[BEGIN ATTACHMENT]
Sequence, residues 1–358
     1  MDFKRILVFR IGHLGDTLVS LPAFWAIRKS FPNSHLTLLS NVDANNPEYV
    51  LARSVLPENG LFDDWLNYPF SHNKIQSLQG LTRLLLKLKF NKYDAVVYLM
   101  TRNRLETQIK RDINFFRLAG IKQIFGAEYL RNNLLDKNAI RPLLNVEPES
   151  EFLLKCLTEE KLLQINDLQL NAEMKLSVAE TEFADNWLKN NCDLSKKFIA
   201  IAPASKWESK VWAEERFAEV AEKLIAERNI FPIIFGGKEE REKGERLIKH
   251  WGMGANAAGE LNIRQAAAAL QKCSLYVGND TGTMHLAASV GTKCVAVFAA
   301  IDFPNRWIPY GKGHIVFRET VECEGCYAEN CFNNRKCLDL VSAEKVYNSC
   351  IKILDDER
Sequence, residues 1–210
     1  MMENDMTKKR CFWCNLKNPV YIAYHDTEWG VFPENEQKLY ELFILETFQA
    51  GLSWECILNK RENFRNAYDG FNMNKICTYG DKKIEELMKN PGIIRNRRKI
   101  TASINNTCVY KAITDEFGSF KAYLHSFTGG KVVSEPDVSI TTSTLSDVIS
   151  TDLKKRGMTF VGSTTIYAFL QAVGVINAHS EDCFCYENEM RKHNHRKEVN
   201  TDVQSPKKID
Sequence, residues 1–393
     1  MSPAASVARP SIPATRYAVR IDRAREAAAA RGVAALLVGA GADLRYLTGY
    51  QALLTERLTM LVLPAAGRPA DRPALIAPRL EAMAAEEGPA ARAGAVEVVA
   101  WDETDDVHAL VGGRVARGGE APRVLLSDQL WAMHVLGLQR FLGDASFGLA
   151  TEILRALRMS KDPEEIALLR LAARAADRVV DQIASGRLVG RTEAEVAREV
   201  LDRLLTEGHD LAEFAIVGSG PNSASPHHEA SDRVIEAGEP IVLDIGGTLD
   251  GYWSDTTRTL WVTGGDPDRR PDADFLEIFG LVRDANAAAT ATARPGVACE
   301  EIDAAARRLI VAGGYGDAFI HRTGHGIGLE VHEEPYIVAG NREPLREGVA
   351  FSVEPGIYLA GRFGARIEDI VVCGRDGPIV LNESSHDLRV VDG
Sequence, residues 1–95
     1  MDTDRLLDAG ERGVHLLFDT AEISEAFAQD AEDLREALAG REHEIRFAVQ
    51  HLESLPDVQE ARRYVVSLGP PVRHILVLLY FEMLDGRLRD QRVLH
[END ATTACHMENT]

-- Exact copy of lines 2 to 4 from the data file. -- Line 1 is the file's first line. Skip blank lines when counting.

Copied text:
     1  MDFKRILVFR IGHLGDTLVS LPAFWAIRKS FPNSHLTLLS NVDANNPEYV
    51  LARSVLPENG LFDDWLNYPF SHNKIQSLQG LTRLLLKLKF NKYDAVVYLM
   101  TRNRLETQIK RDINFFRLAG IKQIFGAEYL RNNLLDKNAI RPLLNVEPES